Someone still needed to save the monsters.

I could not live with the [knight-princess-monster] triangle anymore. I didn’t need magic to redeem the ugly—it was only necessary to care.

I hungered for a world that was unashamed to show it cared. Stories where the ugly and bad things were also true things. Where the real spells were laid in forbidden names and shapes, the misbegotten claws and teeth of my childhood.

My hungers, too, were undergoing a new transmutation. I was in the market less for the redemption story that never was, and more for the narrative that would show me how to live as a monster. Maybe even a happy one.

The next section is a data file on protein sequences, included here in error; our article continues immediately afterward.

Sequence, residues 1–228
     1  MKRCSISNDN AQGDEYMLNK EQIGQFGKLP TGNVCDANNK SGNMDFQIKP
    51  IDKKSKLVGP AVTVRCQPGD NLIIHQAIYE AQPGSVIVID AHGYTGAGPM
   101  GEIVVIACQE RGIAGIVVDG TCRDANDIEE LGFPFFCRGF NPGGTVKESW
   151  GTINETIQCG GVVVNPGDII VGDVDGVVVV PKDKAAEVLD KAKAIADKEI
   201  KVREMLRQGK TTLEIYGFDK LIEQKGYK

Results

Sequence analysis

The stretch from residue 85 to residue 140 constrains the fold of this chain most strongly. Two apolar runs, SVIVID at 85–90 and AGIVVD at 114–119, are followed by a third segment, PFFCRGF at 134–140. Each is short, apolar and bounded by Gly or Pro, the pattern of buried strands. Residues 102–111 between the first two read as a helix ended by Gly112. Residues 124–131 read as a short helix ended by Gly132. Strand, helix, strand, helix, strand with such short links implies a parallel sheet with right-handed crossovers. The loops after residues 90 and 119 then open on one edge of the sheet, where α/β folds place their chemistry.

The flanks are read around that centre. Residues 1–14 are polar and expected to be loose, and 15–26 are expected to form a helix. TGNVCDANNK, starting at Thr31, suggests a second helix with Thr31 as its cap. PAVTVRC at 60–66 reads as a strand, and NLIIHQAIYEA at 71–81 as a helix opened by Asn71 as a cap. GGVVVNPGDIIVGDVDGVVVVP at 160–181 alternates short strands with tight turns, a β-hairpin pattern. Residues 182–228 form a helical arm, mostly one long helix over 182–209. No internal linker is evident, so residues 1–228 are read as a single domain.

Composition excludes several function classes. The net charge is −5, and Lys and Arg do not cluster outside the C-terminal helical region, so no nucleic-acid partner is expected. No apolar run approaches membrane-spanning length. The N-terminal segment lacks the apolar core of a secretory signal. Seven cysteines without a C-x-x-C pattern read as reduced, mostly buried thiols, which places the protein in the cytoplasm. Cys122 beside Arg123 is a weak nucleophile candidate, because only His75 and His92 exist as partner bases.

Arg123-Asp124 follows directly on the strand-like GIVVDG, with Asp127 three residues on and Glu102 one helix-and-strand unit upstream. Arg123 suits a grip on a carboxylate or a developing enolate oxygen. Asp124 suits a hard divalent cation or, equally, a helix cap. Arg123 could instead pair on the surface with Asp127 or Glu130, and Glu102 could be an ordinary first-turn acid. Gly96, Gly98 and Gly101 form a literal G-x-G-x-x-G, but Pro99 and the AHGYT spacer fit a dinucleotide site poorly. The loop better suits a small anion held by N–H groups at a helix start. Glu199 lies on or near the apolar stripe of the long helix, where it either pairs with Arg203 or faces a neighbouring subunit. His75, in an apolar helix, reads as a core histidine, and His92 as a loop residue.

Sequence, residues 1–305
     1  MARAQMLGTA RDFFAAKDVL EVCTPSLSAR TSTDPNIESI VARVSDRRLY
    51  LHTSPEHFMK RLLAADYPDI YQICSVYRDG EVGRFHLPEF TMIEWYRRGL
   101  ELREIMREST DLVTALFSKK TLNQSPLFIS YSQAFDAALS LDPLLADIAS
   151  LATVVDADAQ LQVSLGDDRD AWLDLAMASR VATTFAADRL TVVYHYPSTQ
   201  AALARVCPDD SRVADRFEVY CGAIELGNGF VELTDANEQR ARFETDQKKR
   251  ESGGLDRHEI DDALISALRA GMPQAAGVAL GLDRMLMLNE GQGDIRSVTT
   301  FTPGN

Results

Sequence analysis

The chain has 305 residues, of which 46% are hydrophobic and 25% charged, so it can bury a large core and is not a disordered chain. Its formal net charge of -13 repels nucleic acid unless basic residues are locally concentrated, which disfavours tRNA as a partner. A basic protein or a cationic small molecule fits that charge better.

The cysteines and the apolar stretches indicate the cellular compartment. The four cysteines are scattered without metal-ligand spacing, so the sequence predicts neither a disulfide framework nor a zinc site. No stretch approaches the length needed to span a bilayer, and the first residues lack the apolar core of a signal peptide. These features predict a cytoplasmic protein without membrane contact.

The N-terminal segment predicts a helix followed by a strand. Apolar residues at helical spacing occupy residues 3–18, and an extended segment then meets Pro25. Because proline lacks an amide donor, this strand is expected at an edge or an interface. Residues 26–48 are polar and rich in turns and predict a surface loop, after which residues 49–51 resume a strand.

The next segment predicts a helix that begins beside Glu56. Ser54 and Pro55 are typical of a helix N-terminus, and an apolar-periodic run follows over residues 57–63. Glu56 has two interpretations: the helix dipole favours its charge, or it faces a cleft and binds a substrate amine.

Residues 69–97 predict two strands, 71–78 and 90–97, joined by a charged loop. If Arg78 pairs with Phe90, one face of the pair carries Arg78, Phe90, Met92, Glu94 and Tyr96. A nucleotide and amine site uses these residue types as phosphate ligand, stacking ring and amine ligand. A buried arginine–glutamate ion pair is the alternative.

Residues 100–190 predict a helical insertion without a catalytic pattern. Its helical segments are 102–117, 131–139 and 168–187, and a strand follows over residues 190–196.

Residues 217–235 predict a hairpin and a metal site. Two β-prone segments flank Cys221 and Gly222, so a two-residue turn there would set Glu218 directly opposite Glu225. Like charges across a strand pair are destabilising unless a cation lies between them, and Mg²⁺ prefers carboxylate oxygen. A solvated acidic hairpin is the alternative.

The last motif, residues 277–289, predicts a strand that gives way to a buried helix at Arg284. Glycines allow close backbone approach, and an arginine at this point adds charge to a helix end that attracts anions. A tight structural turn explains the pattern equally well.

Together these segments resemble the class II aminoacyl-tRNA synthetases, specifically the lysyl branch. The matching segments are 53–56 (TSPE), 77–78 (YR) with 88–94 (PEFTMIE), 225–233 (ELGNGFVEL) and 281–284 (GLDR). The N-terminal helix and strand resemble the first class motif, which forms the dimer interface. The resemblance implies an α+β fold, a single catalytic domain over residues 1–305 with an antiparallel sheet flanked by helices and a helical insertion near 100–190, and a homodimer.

May Peterson on monsters.

It’s probably not a secret that pretty much the only story trope I’m interested in is the monster “redemption” arc. And I mean literal monsters–things with fangs and horns and claws, things that don’t look like the “accepted” norm–and the sort of redemption that means being both loved and being able to love without having to compromise that authentic, physically non-conforming self.

On the one hand, I suppose I’m nothing if not predictable. And on the other… sorry not sorry, basically.